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The day book. (Chicago, Ill.) 1911-1917, February 14, 1916, LAST EDITION, Image 19

Image and text provided by University of Illinois at Urbana-Champaign Library, Urbana, IL

Persistent link: http://chroniclingamerica.loc.gov/lccn/sn83045487/1916-02-14/ed-1/seq-19/

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"Better so," sadly soliloquized Wor
den as he reached home alone an
hour'later. "What can I offer that
delicate creature of assurance of the
luxury she is born to? Again, -why
burden her with a tie that may mean
bereavement from the first battle
field? No, it is better as it is."
Six months to the day and Ross
Worden, begrimmed, footsore, limp
ing wearily, crossed a barren, deso
late stretch of Belgian territory just
at dusk. He presented the appear
ance of some homeless refugee, war
driven from shelter and security. In
the distance in almost every direc
tion the glow of camp fires showed,
and ever and anon a bomb burst in
midair.
Half a mile beyond the open
stretch was a ridge of hills, and be
yond that Ross Worden, fresh from
the country of the enemy, loaded
metaphorically with information that
compromised the "war scoop" of the
century, knew where the friendly
army lay. Particularly he scanned
the observation towers here and
there dimly outlined against the
fading evening sky. One of them was
a signal and telegraph tower. For
that he made, eagerly as a pilgrim for
a mecca.
He hummed a gay tune as he toiled
onward. It was one played that
night of the loving-cup episode. He
thought of Nella. He took from his
pocket his memorandum book. Prom
between its pages he tenderly lifted
the rose, now faded, to his- lips.
Ah! for-her sake was he glad that,
striking out on an independent line,
he had penetrated .to the very heart
of the enemy's country, was return
ing with secret ancffiexclusive infor
mation which, blazoned forth to an
interested reading world, would sig
nalize intrepid efforts and place, him
high among the great war corre
spondents of the year.
With 'almost a cheer Ross Worden
dragged -himself into the signal tow
er. The operator stared askance. A,
jnan lounging and smoking nearby!
stared, sprang up in astonishment
and cried out:
."You Worden!"
Worden recognized the man, Pierce,
Disbrow, a journalist of poor repute,
a man he did not like. He greeted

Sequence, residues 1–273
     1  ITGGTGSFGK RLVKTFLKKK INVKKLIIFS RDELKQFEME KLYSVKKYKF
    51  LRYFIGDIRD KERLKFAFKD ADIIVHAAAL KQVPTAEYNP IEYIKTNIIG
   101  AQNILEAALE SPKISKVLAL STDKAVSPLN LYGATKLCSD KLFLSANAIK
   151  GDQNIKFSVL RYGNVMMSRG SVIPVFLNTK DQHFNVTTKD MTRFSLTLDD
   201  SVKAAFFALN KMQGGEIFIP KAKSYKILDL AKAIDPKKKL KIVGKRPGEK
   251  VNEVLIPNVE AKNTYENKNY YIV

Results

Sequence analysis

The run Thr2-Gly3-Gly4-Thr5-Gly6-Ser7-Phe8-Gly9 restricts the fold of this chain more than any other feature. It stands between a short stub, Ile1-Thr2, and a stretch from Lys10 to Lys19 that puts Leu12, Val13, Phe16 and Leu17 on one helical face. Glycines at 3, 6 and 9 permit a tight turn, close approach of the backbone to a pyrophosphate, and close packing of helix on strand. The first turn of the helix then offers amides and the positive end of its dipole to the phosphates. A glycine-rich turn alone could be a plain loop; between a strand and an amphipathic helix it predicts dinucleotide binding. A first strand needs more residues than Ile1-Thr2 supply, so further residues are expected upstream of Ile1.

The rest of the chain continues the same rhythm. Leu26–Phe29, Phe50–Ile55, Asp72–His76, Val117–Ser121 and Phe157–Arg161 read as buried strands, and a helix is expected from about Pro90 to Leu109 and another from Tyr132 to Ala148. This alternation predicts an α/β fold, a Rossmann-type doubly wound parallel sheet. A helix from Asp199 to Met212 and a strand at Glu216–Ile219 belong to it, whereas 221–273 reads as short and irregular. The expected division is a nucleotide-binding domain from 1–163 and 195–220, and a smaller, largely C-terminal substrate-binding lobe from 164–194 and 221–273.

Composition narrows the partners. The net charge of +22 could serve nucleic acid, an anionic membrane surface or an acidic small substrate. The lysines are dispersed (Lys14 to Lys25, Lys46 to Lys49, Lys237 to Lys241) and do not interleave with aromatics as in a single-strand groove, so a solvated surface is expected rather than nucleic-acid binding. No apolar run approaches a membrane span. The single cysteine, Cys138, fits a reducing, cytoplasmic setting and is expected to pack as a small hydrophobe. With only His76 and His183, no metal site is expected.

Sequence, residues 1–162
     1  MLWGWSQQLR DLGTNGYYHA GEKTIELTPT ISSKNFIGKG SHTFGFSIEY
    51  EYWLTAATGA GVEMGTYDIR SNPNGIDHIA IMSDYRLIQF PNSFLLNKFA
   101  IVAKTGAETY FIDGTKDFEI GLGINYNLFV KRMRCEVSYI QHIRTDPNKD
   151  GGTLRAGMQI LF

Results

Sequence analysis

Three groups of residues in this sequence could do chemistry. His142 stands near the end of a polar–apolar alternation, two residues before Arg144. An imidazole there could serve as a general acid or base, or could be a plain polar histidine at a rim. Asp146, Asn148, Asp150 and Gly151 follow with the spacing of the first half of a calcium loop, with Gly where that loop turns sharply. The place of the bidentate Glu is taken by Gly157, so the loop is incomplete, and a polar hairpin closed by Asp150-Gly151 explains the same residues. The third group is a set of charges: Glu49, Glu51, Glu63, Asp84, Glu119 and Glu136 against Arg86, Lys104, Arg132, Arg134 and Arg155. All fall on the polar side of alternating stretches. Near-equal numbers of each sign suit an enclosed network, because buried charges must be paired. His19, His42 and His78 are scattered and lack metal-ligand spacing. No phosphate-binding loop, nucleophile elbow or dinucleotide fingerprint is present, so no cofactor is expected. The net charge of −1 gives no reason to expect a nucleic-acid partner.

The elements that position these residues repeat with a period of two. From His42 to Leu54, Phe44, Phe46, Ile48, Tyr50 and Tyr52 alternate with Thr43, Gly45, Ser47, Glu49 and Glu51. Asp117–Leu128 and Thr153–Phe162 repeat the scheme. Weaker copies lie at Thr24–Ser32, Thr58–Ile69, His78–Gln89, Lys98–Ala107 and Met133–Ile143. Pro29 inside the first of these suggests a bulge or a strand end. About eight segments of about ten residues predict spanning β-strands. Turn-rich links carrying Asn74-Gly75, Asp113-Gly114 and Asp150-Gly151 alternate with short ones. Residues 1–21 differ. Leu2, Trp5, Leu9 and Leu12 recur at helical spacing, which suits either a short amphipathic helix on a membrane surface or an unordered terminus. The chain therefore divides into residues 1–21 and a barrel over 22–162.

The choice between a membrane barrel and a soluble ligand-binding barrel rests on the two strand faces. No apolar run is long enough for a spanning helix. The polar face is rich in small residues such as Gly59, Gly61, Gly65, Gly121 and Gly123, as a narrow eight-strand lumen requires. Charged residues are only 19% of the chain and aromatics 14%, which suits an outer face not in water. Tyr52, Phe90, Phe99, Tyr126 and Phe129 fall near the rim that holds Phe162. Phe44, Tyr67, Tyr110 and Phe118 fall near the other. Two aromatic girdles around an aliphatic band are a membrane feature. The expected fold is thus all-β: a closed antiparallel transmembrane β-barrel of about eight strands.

him in a friendly way, but instantly
centered his attention upon the op
erator. He drew a dozen closely
written,sheets from his pocket
"Union News service, my man," he
announced. "You must get this copy
to the cable instanter!"
"All right," nodded the man, while
Disbrow glared with envy at what he
surmised from the exultant face of
Worden must comprise some Mg
"scoop."
"Look out!" abruptly shouted Dis
brow, and bolted for the open air.
The others were not so fortunate. An
unexpected bomb had come direct
from the enemy's camp across the
river. It shattered the frail station
as though it were an egg'shelL When
the devastation was complete Dis
brow crept in among the debris. He
found the operator dead and Worden
insensible and apparently fatally in
jured. He crept forth again in pos
session of the "scoop" data fiL Ro'ss
Worden.
Three months later, poor, wretch
ed, limping, a mere shadow of his
former self, Ross Worden returned to
the city which he had left with such
high hopes. When he reported to
his news bureau it was to be treated
coldly, indifferently, as a man who
had failed to make good. It was then
that he learned that the news he had
gathered at such peril had been used
by Disbrow, who had received high
credit for the same.
The discovery crushed him. He
was still ill from his wound received
in the explosion. He sought joor,
obscure lodgings; he was prostrated
with a fever. To pay his way his
landlord piece by piece pawned his
few possessions even the loving
cup.
Then a spell of fever and delirium,
and he awpke in a beautiful room.
i fitMii fojin' J TfrVt.-V--V-rtr
J-- r -"

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